Audiobook Review: The Bright Lands by John Fram

I received a review copy from the publisher. This does not affect the contents of my review and all opinions are my own.

The Bright Lands by John Fram

Mogsy’s Rating (Overall): 2.5 of 5 stars

Genre: Horror, Mystery

Series: Stand Alone

Publisher: Harper Audio (July 7, 2020)

Length: 12 hrs and 42 mins

Author Information: Website | Twitter

Narrators: Luis Selgas

Football and horror. These are the two cornerstones that make up The Bright Lands, John Fram’s debut about secrets and the supernatural in a small, insular Texas town. It was an ambitious effort, I’ll give it that, but ultimately, I thought the novel struggled to evince both its main themes, which at times resulted in a rambling, clichéd plotline and uninspiring characters that failed to interest me.

More than ten years ago, former high school quarterback Joel Whitley left Bentley, Texas for Manhattan, New York after being ostracized for being gay in the small conservative town. But now he’s back, brought home by a series of worrying texts from his younger brother Dylan, himself a star quarterback who is feeling more and more disenchanted with the culture of the game that their whole town worships.

But then Dylan disappears, leading Joel to team up with Sheriff’s Deputy Starsha Clark for the investigation into the missing teen. The two of them have a history, having dated briefly before Joel came out and left town, not to mention the way Dylan’s case also brings back painful memories for Starsha of her own brother’s disappearance.

Interspersed through this main thread are also a profusion of other subplots, some that have greater significance than others, though admittedly more than a few are trivial in the greater scheme of things. Unfortunately, I thought this scattered focus was the book’s greatest flaw. Like a lot of debuts, I think The Bright Lands suffered from a first-time novelist’s eagerness to include as many ideas and themes he can think of without considering how that kind of overload will negatively impact the overall story. Mainly, it inevitably divides the reader’s attention between too many plot points and character perspectives.

On that note, I also had a hard time connecting with any of the characters, which is a shame because as much a I want to praise this book for its efforts in representation, its execution is seriously flawed. For one thing, Joel is supposed to be our main protagonist, but his characterization doesn’t get nearly the amount of development or page time he deserves as the story skips too often between different POVs. Other characters are also painted in broad strokes, relying heavily on hackneyed stereotypes especially when it comes to high school football players and cheerleaders, police officers, and generally southern townsfolk.

I was also first drawn to The Bright Lands because of its description of a small-town horror, but after finishing it, I feel I have to challenge that label. Yes, there are elements of the supernatural, but the story mostly reads like a mystery or a police procedural. There’s a lot more drama than action, and when you do get the latter, it’s more of the thriller variety rather than true horror. I was most disappointed in this of all because the premise itself had so much potential, but the ending was more of a head-scratcher than a jaw-dropper, and its so-called answers also left a lot to be desired. In addition, there were a few explicitly graphic scenes that just felt out of place.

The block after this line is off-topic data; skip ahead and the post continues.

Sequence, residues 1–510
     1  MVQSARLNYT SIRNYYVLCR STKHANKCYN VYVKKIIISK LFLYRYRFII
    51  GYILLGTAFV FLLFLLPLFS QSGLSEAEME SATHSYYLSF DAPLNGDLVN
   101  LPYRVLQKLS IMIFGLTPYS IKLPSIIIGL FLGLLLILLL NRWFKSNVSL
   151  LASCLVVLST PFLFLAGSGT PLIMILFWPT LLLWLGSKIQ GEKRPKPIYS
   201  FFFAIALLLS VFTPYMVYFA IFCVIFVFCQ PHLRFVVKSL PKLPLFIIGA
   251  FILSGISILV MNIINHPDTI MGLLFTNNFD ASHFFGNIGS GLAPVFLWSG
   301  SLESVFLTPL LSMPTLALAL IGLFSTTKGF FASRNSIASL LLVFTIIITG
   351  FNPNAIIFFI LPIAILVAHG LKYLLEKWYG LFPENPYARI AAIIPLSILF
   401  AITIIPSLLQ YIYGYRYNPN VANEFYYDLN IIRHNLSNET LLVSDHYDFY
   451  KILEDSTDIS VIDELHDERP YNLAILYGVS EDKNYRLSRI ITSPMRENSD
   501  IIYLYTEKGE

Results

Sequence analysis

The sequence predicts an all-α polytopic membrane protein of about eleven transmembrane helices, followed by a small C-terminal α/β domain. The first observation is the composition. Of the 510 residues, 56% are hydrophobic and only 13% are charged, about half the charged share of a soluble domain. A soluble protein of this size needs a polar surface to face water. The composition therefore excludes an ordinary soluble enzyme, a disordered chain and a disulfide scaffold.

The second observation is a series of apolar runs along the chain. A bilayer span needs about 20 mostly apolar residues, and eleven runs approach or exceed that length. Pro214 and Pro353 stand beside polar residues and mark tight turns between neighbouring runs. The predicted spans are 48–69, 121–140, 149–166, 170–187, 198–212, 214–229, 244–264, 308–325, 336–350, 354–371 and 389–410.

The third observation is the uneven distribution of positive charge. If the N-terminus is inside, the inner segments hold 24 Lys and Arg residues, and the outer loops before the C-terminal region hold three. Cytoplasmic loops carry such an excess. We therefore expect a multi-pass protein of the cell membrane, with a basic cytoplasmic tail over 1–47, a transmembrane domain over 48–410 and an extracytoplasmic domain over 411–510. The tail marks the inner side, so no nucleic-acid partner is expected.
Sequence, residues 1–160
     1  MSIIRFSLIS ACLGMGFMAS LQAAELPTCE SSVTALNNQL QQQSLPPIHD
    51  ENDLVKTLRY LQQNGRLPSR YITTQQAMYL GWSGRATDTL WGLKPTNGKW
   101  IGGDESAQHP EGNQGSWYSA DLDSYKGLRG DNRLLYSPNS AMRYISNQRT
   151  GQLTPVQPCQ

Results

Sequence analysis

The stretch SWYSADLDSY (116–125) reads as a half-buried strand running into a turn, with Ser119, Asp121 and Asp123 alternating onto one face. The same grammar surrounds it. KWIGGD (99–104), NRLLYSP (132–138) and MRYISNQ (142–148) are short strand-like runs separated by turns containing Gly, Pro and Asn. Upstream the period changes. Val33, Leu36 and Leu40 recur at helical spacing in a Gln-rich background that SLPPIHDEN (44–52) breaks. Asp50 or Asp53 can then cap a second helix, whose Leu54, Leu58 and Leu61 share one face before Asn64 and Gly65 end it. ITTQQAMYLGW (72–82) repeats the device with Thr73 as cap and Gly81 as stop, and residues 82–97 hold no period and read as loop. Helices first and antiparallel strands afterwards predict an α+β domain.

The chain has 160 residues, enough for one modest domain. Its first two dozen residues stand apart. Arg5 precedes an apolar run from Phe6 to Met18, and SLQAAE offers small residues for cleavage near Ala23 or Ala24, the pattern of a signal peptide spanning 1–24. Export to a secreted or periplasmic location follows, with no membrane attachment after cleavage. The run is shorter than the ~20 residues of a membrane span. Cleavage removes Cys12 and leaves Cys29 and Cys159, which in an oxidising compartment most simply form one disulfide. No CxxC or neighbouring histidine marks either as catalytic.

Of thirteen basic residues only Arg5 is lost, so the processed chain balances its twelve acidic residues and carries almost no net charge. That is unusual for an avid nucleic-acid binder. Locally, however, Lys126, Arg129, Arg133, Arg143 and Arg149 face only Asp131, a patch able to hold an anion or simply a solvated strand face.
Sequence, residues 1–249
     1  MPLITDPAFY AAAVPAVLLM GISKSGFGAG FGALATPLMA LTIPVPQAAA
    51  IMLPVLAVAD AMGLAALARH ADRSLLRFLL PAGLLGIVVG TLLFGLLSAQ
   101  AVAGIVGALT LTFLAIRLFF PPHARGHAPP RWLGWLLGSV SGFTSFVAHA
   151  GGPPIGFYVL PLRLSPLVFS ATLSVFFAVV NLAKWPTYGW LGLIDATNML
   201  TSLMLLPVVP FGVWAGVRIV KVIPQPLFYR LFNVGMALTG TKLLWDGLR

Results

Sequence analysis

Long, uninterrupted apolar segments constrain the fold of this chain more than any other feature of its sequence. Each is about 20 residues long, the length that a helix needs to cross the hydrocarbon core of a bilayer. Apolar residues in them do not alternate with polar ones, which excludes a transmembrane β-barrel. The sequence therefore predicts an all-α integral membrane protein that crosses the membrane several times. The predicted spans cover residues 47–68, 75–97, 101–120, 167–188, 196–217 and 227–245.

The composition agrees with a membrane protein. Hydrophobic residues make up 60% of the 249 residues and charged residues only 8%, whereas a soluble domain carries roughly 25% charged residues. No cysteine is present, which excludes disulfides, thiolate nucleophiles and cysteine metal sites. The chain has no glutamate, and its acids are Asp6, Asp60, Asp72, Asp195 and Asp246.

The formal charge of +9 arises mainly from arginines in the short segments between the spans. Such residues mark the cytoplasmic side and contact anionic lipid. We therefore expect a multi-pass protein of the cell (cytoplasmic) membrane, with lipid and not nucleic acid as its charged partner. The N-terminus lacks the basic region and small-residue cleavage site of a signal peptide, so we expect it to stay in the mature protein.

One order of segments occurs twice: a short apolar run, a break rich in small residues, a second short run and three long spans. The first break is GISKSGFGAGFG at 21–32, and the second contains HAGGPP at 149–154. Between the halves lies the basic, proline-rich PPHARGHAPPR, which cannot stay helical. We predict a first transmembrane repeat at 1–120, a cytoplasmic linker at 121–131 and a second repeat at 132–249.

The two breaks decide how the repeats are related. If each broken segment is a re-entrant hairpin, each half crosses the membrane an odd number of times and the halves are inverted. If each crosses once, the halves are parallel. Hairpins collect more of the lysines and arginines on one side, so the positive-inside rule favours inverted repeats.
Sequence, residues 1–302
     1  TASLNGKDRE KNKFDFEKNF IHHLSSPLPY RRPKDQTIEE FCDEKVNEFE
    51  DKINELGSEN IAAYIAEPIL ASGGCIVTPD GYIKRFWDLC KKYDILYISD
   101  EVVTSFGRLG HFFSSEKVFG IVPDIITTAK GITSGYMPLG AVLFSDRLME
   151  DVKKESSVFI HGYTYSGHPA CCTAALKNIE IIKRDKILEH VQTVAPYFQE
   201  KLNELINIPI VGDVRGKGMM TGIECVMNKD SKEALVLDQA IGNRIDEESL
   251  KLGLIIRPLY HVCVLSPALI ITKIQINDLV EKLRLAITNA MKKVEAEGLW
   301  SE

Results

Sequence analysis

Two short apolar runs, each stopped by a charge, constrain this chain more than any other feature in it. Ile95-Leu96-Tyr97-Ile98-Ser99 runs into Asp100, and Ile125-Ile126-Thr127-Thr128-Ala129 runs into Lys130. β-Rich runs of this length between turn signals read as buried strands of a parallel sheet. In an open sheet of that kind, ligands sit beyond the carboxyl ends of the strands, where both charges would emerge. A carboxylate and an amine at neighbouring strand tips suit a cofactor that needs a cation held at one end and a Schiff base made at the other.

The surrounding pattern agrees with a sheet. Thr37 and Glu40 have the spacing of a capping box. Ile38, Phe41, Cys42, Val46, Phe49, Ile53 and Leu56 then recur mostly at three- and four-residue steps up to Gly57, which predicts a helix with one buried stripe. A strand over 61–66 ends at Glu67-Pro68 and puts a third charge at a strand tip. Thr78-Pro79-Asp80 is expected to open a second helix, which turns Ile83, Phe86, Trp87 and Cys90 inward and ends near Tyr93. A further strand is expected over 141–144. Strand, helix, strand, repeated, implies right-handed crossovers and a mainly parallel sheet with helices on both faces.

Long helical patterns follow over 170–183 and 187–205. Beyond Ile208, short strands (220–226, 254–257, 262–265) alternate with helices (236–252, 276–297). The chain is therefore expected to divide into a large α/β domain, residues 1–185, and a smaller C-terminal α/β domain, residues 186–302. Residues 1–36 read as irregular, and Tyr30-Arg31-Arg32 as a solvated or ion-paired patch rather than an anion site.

And finally, with regards to the football aspect, we are told it is king in Bentley, but speaking as someone with minimal interest in sports, it would take a lot more showing rather than telling to create a realistic sense of setting, which the writing failed to provide. For me, this resulted in a greater feeling of disconnect between myself and the story, the world-building and character motivations. Consequently, I found myself struggling to get into the book while finding more and more excuses to take breaks from it.

The audiobook version was great, but could be better, and I can’t really fault the production or the narrator too much. I think too many characters and plot threads will make it difficult for any one person to keep voices and accents consistent, and it was confusing at times to figure out which POV I was following, but Luis Selgas did his best. Still, overall I can’t really recommend The Bright Lands as it such a disappointing case of unfulfilled potential.

17 Comments on “Audiobook Review: The Bright Lands by John Fram”

  1. Damn Mogsy I had high hopes for that one as I saw it everywhere recently! But I get how the narrator must have struggled with so many different characters.


  2. Ouch, and I had high hopes for this one. I still may give it a go as I’ve seen some glowing reviews for it, and it sounds up my alley, but you definitely give me some pause.


  3. I guess it speaks for itself when you keep looking for excuses to put a book aside. Don’t fight your instinct, eh? But I hope as the author writes more he’s able to improve his craft and create more enticing works.


  4. I didn’t understand what the author’s take on queerness was. I read somewhere that he wanted to explore the idea of a queer hero, but there was nothing in the book that celebrated any queerness…it felt like internalized homophobia. just didn’t get it.


    • Glad to see someone else who had the same confusion over what the author was trying to get at, especially with that ending. I hadn’t heard about his comments about wanting to celebrate queerness, but yeah, I’m not seeing that at all either.


  5. Pingback: Bookshelf Roundup 08/08/20: Stacking the Shelves & Recent Reads | The BiblioSanctum

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